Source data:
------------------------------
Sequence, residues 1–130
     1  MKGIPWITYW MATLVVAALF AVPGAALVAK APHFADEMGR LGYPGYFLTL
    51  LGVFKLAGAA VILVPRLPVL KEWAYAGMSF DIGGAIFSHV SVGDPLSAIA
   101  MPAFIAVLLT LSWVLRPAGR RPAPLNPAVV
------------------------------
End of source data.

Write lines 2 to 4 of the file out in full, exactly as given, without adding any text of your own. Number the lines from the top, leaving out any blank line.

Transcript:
     1  MKGIPWITYW MATLVVAALF AVPGAALVAK APHFADEMGR LGYPGYFLTL
    51  LGVFKLAGAA VILVPRLPVL KEWAYAGMSF DIGGAIFSHV SVGDPLSAIA
   101  MPAFIAVLLT LSWVLRPAGR RPAPLNPAVV